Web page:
Retirement represents possibilities! Time to shake off those shackles, maybe look into doing something they’ve put off for years, while they were ‘working for the man.’ Do what they love, rather than what pays a salary. And hey! A pension! Yeah, free money!
Most of us know there will be tough decisions that we will have to make in time, but we fool ourselves that that time is far away. Where we will live, and how we will manage our finances, are concerns, but .. just a sec! Right now, I don’t feel ‘old,’ so I’ll push aside any thoughts that remind me of how close I am to my own future.
This is the stage when you should be enjoying getting out and travelling. If you start to have trouble breathing, all of those higher altitude destinations will be out of the question. (If you haven’t already, quit smoking now.) If you have decent mobility, and enjoy exploring travel destinations by foot – do it now. You’ll be glad that you did.
But too many of us are fairly delusional about embracing the concept of aging. Example: I was talking to someone about creating a rock n roll retirement home. He said he was really interested, and would look into it when he got older. He’s 68.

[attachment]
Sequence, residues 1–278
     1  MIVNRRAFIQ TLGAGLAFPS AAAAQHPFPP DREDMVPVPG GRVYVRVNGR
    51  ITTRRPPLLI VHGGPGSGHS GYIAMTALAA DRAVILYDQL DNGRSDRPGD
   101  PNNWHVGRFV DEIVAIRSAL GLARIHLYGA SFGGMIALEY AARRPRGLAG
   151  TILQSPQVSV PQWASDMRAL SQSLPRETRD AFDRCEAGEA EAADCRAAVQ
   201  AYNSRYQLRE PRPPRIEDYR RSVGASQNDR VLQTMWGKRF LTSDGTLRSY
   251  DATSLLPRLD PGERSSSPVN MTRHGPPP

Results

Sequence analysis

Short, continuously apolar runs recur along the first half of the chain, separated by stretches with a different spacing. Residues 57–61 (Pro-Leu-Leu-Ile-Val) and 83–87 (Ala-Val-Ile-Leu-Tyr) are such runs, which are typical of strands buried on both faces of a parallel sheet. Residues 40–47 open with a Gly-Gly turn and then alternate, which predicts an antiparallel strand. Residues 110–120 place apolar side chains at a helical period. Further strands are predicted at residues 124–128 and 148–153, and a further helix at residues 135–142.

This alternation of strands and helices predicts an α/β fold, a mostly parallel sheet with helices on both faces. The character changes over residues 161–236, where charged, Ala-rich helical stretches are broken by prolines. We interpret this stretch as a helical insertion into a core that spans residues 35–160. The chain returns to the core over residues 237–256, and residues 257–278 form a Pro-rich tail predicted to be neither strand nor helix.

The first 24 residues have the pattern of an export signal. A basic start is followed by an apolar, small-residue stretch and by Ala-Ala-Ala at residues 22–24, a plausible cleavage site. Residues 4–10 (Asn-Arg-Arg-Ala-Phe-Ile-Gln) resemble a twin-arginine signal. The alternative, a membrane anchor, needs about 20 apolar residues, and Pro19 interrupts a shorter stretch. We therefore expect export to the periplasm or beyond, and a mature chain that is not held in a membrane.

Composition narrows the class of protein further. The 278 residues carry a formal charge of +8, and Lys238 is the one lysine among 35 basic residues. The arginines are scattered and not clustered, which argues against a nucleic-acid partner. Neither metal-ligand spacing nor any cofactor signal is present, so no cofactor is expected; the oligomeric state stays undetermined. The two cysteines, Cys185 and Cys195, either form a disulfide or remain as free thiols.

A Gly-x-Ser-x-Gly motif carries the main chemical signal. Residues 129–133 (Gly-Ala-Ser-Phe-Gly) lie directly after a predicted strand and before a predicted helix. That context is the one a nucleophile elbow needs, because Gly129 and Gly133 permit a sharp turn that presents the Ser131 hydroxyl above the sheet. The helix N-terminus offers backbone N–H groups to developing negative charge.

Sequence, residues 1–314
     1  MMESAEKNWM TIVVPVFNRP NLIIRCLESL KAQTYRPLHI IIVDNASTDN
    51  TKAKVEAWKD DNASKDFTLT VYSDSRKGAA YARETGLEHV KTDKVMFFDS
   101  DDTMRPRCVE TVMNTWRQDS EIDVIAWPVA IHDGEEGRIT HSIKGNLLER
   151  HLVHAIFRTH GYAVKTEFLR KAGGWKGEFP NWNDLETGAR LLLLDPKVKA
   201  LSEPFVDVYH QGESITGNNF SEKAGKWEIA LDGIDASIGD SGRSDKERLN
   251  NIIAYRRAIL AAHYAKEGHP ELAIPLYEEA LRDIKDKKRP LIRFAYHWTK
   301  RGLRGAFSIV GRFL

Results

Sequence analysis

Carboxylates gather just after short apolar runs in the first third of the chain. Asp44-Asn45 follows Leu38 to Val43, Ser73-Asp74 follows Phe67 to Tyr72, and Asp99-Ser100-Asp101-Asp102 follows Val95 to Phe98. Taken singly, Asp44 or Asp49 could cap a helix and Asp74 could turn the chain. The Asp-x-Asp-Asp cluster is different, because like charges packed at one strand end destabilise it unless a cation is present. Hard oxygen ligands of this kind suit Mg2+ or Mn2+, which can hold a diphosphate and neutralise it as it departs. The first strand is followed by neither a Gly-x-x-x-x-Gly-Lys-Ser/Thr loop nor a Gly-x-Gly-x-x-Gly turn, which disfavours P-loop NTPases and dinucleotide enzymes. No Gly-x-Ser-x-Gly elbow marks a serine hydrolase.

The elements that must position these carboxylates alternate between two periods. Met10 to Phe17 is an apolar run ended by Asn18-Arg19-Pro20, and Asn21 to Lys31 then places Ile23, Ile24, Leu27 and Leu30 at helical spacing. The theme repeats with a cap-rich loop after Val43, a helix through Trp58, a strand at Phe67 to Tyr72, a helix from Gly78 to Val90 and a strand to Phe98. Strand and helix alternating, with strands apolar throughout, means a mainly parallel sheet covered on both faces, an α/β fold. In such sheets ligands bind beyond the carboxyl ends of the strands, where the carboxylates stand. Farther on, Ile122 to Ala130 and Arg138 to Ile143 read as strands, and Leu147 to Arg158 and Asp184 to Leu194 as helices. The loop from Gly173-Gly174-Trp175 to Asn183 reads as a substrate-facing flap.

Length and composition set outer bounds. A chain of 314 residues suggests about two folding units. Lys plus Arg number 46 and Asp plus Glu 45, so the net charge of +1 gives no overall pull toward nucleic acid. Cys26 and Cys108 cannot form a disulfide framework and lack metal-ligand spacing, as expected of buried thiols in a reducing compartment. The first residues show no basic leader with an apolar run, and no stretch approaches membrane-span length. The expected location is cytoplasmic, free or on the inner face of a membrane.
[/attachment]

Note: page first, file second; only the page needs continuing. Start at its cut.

In the second stage of aging, things start to get real. You start having more things go wrong with your health, and you’re less able to do some of the things you used to do, but overall, you’re managing, with medications, regular doctor visits, and surgeries to either lop off the stuff that’s not working or to put stuff back from where it fell off. Most of the time you don’t notice that you’ve subtly normalized a slowing down of your world. You walk slower, you eat less, and you rarely feel like staying up late. You check your calendar before accepting an invitation that’s too far in the future.
This is the point where organizations like CARP and AARP say you’ve got to face your future head on. Ask yourself, “Will my home work for me as I age? Should I re-fit my residence with devices to help me stay self-sufficient and independent, or should I consider selling or moving? Will my community be there to support me through the ups and downs of aging? Do I have enough sympatico friends to get me through the long days and weeks when work is not there to fill those hours?”